According to social media, Joaquin Phoenix’s Oscar acceptance speech has a lot of people asking whether it might be a good idea to ditch dairy. The answer is yes. In the name of compassion and justice, dropping dairy foods from your menus is a very good idea.
Farmers insist that dairy cows live happy, protected lives. They share photos and videos that certainly make it look like the cows on small farms are content. But every single one of those cows and every single one of their calves eventually goes to slaughter. Some are sick and weak when they are loaded onto trucks. They might travel through several livestock auctions before they reach the slaughterhouse. They may travel for long distances without food or water. And they are forced to stand for hours on end.
Even under the best of circumstances, cows prefer not to stand for long periods. And these are not the best of circumstances since a high percentage of cows who are sick or have joint problems and lameness are sent to slaughter. There is no question about the fact that they suffer in transport. It’s hard to square these facts with dairy farmers’ claims that their cows experience a good life and a humane death.
But as compelling as the reasons are for eliminating dairy foods, it can seem like a challenging dietary change. The challenge lies mainly in fears about nutrition, food preparation, and food enjoyment.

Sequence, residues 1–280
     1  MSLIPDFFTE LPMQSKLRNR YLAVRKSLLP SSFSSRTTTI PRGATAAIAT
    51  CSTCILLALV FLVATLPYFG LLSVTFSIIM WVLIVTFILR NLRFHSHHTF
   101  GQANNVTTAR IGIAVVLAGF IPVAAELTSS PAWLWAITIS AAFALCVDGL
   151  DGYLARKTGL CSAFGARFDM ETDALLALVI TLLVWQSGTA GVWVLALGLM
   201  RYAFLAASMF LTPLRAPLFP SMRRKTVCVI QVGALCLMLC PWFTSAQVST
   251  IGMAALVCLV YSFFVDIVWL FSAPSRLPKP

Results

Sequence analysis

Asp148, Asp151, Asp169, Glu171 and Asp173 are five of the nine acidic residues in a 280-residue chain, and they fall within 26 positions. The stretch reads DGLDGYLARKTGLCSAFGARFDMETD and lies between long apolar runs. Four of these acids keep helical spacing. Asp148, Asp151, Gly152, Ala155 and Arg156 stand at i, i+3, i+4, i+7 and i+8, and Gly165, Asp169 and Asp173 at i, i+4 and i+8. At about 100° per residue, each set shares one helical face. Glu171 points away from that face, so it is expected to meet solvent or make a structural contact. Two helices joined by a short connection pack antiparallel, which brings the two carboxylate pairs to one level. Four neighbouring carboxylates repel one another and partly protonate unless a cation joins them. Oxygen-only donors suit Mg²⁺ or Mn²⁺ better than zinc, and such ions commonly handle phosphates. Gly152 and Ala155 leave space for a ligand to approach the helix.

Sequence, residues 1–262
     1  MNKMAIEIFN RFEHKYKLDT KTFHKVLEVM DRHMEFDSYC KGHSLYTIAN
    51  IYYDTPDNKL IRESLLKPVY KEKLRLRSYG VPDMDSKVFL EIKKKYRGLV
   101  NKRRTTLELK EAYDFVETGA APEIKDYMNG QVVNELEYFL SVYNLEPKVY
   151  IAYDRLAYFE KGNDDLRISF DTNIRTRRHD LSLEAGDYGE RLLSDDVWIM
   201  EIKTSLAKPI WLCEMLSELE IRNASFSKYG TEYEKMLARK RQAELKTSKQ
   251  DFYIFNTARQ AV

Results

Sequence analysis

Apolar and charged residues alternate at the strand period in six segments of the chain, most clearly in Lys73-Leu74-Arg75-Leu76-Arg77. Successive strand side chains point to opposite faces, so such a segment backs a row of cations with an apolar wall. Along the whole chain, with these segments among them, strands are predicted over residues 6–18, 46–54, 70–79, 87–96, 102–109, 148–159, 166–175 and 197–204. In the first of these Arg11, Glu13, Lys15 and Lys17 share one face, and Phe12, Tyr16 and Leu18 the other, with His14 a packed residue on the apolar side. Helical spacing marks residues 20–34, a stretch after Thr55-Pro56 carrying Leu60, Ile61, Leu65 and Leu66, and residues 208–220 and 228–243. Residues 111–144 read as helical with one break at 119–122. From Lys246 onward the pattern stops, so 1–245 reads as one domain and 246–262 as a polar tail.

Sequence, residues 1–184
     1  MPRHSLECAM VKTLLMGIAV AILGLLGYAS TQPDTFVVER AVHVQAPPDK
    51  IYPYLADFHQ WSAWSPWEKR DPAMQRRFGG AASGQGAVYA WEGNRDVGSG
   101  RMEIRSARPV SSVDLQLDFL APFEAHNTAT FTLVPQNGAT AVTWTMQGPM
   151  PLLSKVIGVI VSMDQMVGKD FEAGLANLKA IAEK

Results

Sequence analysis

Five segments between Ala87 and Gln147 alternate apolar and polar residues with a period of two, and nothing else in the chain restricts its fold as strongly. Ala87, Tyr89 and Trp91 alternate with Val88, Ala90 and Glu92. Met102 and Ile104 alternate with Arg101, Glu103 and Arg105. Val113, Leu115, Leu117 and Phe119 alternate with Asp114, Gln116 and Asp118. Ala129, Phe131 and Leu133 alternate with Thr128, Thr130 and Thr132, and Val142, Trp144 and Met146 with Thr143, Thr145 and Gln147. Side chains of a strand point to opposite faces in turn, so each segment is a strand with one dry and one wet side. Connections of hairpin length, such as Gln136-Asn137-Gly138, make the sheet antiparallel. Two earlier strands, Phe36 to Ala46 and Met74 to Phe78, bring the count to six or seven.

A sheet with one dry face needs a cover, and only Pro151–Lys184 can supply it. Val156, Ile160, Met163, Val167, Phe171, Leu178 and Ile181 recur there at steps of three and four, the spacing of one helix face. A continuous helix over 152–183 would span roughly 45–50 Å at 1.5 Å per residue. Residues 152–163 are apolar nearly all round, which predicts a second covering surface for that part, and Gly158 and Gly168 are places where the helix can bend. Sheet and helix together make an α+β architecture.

For anyone who has always relied on cow’s milk, yogurt and cheese for calcium, it’s sometimes surprising to learn that calcium is abundant in certain plant foods. Getting calcium from plants is different, but it’s not difficult.
A good rule of thumb is to eat at least three cups per day of some combination of plant foods that provide well-absorbed calcium. These include fortified plant milks of any kind, fortified fruit juice, edamame pasta, cooked cruciferous vegetables (kale, broccoli, collards, bok choy, turnip greens), and tofu made with calcium sulfate.
Replacing cow’s milk in recipes is just as easy. While it’s an ingredient that figures prominently in recipes for sauces, cream soups, and pancakes, any type of plant milk –soy, almond, pea protein, oat, or flax for example – works just as well.
And if you can’t imagine life without cheese, you most likely haven’t explored the excellent vegan cheeses on the market from innovative companies including Miyokos, Violife, Daiya, Follow Your Heart, and Tree Line. (This new generation of plant-based cheeses bears no resemblance to the vegan cheeses of the 1990s which admittedly were not great).
You can also make your own cheese, using ingredients that offer a good dose of umami. Although parmesan and other aged cheeses get all the umami credit, it’s a flavor/essence that was discovered in a plant – a sea vegetable, in fact. Other foods that are packed with umami include tomato paste, sundried tomatoes, nutritional yeast, miso, balsamic vinegar, dried mushrooms, and sauerkraut. Try blending soaked cashews with lemon juice, salt and a little bit of nutritional yeast for a spread that boasts all the umami and creaminess of cow’s milk cheese.
You’ll also find excellent vegan sour cream in stores (I buy mine at Stop and Shop) and all types of ice cream made from nuts, sunflower butter, coconut, and soy. Even Breyers makes vegan ice cream.
If you are moved by the plight of dairy cows but are still skeptical about a diet that doesn’t include dairy foods, take it one step at a time. Start by experimenting with different plant milks on cereal, in coffee, and in baking. Try some vegan cheeses and ice cream. Here is what you’ll most likely discover: You truly give up nothing when you go dairy-free.